A Republican House Divided, A Democracy Tested

America needs leaders, not bobblehead dolls.

By Kurt Loft

In the 1972 movie “The Candidate,’’ a lawyer named Bill McKay – played by Robert Redford − upsets an incumbent for a seat in the U.S. Senate. Taking his campaign manager aside during the victory celebration, a clueless McKay asks, “What do we do now?’’

Fast forward to 2023 and the political slaying of Kevin McCarthy by his own party. Moments after the House speaker’s inglorious removal, someone on the Republican side of the chamber shouts “Now what?’’

The film parody of shallow campaigns mirrors modern reality: A House divided − or more accurately, drawn and quartered − by a small group of insurgents, and one in particular. Just as important, the radical right is holding America hostage, and to what end?

“If you want to know what it looks like when democracy is in trouble, this is what it looks like,” Daniel Ziblatt, professor of government at Harvard University, told the Washington Post. “It should set off alarm bells that something is not right.”

A snapshot of a day in the life of the Republican party suggests something is not right. Matt Gaetz maliciously abusing his power; the House loosened from its moorings; and the leading GOP presidential candidate sitting in a New York courtroom on a civil fraud trial with a judge threatening to shove a gag order down his throat. Save these images for future reference.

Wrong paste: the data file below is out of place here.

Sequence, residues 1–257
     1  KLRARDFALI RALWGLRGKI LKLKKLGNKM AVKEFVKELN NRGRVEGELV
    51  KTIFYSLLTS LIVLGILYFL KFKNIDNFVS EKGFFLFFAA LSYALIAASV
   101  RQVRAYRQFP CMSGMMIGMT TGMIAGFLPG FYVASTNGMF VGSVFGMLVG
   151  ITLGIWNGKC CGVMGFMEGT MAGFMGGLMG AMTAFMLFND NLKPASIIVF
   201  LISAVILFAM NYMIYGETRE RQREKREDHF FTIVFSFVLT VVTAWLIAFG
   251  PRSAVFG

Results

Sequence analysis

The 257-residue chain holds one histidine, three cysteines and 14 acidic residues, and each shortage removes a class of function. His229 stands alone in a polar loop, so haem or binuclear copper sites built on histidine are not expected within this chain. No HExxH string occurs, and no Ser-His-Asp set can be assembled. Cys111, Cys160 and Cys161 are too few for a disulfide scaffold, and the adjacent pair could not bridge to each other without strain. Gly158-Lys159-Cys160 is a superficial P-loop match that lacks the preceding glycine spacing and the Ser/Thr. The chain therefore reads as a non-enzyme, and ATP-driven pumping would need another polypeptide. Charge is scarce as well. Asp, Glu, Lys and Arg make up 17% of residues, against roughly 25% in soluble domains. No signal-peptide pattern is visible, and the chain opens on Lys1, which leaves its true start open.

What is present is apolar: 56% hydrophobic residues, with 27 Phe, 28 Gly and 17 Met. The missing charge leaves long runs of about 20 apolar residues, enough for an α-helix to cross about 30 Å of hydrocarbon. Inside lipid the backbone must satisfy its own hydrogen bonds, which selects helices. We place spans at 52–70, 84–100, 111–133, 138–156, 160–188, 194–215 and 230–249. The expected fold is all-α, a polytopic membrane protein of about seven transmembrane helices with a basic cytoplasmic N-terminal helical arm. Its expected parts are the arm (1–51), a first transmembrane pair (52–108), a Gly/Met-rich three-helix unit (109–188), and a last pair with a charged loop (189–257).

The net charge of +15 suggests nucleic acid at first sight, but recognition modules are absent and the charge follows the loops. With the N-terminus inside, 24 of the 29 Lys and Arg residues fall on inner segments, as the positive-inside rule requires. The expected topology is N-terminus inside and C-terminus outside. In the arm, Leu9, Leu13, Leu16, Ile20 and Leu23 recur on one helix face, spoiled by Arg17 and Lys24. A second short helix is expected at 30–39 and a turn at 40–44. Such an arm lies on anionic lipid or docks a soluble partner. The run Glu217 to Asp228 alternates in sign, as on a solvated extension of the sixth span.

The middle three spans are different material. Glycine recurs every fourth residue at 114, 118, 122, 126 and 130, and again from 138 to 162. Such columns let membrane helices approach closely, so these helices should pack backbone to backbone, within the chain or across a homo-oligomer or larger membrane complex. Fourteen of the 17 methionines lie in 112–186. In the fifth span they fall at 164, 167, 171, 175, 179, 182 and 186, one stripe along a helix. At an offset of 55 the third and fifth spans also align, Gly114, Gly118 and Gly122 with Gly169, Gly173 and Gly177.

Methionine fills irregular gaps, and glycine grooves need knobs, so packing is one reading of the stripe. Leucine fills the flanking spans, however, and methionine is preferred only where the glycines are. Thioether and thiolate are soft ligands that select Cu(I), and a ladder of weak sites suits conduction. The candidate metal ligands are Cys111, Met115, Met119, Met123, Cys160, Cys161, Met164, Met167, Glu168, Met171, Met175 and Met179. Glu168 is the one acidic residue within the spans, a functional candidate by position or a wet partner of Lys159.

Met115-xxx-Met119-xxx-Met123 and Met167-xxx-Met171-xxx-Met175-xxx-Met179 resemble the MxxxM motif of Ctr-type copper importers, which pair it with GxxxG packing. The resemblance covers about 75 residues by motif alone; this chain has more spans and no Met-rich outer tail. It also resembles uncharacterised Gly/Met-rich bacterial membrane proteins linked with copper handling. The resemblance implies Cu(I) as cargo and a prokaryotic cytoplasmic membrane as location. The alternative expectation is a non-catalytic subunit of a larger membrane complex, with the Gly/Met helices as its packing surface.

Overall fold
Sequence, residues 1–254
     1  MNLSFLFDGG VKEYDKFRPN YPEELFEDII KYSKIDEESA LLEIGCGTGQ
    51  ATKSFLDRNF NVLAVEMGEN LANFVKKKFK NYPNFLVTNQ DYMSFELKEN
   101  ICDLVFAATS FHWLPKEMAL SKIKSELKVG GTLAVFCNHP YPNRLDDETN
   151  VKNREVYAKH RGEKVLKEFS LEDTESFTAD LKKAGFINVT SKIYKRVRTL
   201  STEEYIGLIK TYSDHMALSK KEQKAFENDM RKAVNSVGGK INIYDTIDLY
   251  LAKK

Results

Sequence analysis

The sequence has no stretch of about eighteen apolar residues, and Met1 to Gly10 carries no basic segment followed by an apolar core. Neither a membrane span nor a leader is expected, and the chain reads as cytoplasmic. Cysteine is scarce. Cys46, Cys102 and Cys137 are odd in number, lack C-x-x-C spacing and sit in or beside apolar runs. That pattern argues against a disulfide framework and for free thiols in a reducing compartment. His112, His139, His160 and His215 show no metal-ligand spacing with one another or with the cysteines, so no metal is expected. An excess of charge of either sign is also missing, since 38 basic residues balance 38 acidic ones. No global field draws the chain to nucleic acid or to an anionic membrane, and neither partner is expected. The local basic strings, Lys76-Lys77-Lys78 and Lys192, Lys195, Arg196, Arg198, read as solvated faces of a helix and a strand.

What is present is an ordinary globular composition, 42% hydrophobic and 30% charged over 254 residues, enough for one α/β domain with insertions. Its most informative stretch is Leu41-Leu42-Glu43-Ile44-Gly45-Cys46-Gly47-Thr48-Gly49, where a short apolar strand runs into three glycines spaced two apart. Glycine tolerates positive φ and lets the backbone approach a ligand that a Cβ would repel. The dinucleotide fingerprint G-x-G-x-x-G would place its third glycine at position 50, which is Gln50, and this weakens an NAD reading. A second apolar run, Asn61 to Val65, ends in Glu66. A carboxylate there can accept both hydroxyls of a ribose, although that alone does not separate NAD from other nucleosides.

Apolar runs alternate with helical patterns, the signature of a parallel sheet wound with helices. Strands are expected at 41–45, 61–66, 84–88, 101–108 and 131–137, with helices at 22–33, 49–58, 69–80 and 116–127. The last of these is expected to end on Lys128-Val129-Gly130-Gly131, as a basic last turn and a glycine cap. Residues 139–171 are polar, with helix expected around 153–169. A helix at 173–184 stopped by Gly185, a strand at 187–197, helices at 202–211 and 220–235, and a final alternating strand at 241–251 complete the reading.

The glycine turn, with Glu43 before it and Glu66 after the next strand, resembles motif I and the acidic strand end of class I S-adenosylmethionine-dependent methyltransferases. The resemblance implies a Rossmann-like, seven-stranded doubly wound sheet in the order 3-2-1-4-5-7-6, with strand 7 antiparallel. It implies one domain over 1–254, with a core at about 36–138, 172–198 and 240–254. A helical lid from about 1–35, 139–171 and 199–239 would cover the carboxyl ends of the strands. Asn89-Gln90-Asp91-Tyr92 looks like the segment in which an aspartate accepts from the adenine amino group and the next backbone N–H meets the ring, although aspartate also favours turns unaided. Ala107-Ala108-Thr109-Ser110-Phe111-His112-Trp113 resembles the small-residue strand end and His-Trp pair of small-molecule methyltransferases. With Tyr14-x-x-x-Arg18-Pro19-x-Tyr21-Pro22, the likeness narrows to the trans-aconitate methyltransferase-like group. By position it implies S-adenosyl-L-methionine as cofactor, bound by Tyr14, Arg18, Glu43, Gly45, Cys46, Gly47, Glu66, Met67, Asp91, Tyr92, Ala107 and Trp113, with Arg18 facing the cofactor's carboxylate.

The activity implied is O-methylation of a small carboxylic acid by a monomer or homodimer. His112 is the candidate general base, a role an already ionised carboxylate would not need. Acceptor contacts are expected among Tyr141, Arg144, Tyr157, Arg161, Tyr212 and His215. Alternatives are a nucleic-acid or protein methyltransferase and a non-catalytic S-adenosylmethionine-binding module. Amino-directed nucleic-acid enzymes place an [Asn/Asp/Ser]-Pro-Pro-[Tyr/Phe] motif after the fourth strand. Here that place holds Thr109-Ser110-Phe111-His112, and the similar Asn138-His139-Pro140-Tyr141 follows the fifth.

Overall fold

If lies and deception are part of the extreme Republican dialect, then Gaetz is a polyglot. Some view him not as a public servant, but Lucifer in the form of a dashboard bobblehead doll.

“He shouldn’t be in the Republican party,’’ a blunt Rep. Don Bacon (R-Neb.) told reporters after McCarthy’s takedown.

Seconding the motion, Dana Milbank in the Washington Post describes Gaetz as “more of a street thug than a legislator, and in his seven years in Congress, he has done nothing but tear things down.’’

Along with his cohorts in the ill-named Freedom Caucus, Gaetz is acting not as a promoter of positive change but a pugnacious belligerent despised by many of the 210 members of his own cloth who voted to keep McCarthey. The fracture can’t last without significant damage.

“He is a key figure in transforming the GOP into a monstrous political party,’’ notes Peter Wehner in the Atlantic Monthly, “one whose contempt for constitutional and democratic norms poses the greatest threat to the republic since the Civil War.’’

So, amid this turmoil, the Republicans must surely have a game plan going forward. They could not have hit bottom without a blueprint for progress, one that will reveal their promise of a better America.

It’s a concise plan, shocking in its brevity, and already laid out on the chamber floor:

Now what?’’

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